Knowledge and Ignorance

“Knowledge and ignorance, the great and the small, are the same, ever circling round and passing one into the other in the sport of time. The highest good, therefore, for mortals is that clarity of perception in respect to oneself and all that is, whereby we shall learn to apprehend somewhat of the eternal unity and harmony, that underlies the good and evil of time, the shock and stress of circumstance and place. The highest virtue for man is the placid and quiet constancy, whatever the changes and chances of life may bring.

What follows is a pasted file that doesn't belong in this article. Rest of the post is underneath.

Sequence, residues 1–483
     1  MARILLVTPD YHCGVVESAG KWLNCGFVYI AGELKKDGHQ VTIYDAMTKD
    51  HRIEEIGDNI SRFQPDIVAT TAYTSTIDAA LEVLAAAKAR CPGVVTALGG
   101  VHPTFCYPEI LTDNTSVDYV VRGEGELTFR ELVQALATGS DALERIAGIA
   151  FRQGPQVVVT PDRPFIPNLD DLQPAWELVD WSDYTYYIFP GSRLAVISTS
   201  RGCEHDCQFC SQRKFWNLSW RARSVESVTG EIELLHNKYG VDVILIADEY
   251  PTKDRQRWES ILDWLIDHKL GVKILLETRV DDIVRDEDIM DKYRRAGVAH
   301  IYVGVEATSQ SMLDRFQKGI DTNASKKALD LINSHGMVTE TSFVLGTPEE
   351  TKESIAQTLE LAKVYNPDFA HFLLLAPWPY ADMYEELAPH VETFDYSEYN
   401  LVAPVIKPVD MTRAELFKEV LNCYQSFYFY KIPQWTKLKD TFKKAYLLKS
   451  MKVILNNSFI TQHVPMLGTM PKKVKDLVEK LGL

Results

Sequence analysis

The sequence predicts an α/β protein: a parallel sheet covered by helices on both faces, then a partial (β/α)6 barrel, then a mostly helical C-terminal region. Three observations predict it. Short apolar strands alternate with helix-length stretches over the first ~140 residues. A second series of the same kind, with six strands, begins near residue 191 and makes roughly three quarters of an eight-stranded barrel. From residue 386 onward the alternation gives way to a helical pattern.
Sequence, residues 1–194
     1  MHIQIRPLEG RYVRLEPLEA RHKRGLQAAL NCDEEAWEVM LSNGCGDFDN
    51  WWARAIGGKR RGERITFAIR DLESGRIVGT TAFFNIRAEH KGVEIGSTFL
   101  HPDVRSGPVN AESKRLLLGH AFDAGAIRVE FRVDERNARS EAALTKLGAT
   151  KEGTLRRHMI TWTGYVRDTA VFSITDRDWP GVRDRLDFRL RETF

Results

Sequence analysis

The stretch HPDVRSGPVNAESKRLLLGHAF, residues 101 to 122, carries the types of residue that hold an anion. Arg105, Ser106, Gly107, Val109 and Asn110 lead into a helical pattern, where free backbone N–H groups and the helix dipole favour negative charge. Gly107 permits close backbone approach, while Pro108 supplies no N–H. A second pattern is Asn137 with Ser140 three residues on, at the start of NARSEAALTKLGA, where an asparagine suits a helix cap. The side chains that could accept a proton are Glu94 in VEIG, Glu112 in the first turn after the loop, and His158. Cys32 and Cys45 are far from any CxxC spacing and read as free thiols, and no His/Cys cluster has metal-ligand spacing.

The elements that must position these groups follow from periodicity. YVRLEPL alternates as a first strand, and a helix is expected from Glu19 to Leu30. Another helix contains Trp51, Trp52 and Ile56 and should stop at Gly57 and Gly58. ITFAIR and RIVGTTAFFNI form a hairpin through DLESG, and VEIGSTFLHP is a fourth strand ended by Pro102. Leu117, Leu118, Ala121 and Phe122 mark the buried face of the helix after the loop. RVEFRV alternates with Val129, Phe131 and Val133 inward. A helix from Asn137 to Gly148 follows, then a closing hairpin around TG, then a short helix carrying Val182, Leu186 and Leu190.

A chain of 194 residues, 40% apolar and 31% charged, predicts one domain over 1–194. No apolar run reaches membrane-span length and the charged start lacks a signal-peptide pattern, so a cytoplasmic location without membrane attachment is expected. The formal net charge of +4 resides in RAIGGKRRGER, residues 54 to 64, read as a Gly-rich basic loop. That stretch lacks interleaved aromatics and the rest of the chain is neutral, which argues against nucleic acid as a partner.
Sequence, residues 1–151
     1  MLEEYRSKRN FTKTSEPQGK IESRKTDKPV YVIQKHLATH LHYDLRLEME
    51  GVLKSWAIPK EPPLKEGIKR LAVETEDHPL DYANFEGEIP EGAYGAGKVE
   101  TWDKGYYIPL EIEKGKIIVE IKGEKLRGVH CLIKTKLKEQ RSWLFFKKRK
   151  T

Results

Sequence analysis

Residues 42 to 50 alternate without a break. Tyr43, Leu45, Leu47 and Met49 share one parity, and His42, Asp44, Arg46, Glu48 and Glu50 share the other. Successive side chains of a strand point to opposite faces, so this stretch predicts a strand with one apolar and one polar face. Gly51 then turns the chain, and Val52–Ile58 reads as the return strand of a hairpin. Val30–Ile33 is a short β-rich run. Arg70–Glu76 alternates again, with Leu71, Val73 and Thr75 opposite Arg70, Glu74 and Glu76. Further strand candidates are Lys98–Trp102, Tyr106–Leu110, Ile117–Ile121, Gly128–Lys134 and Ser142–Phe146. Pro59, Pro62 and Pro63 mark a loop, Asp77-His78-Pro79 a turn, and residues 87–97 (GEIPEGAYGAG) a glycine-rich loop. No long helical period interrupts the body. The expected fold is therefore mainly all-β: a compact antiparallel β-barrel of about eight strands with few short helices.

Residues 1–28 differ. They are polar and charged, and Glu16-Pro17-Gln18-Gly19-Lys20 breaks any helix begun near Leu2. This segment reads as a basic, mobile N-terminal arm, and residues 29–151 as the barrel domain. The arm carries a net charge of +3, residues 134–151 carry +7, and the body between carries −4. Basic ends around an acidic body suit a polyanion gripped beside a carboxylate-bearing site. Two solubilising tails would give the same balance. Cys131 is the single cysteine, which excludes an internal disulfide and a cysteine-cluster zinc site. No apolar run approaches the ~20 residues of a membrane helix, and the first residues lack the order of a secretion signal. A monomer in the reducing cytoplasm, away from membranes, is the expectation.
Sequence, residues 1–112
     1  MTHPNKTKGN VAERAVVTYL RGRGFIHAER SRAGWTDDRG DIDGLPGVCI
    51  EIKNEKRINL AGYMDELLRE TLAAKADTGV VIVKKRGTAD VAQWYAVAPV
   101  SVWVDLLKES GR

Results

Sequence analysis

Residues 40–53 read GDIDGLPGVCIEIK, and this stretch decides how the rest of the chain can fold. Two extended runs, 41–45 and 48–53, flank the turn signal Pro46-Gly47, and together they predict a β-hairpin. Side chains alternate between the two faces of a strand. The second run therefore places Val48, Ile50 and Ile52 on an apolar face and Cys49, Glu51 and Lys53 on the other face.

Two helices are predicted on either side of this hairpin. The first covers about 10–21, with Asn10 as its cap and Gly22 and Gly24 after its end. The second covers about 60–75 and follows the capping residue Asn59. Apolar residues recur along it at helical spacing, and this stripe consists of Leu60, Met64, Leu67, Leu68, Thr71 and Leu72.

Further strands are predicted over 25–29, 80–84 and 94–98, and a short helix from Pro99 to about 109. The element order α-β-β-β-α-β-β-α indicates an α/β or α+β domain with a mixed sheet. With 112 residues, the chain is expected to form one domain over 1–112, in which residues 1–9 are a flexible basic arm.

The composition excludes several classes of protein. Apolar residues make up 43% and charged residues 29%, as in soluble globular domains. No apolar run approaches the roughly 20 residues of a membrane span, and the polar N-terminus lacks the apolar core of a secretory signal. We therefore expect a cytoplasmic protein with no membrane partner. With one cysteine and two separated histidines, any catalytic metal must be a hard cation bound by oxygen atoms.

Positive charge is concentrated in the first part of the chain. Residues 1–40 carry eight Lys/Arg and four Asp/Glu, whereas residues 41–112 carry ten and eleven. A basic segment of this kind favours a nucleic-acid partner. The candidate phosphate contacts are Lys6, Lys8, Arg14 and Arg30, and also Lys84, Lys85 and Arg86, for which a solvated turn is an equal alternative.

The sadder note of humanity, the note of Euripides and at times of Sophocles, the note of Dante and of the Tempest of Shakespeare, of Shelly and Arnold and Carlyle- this note we hear thus early and thus clear, in the dim and distant utterances of Heraclitus. The mystery of existence, the unreality of what seems most real, the intangibility and evanescence of all things earthly,- these thoughts obscurely echoing to us across the ages, have remained, and always will remain, among the deepest and most insistent of the world’s thoughts, in its sincerest moments and in its greatest thinkers.”

John Marshall’s ‘Greek Philosophy


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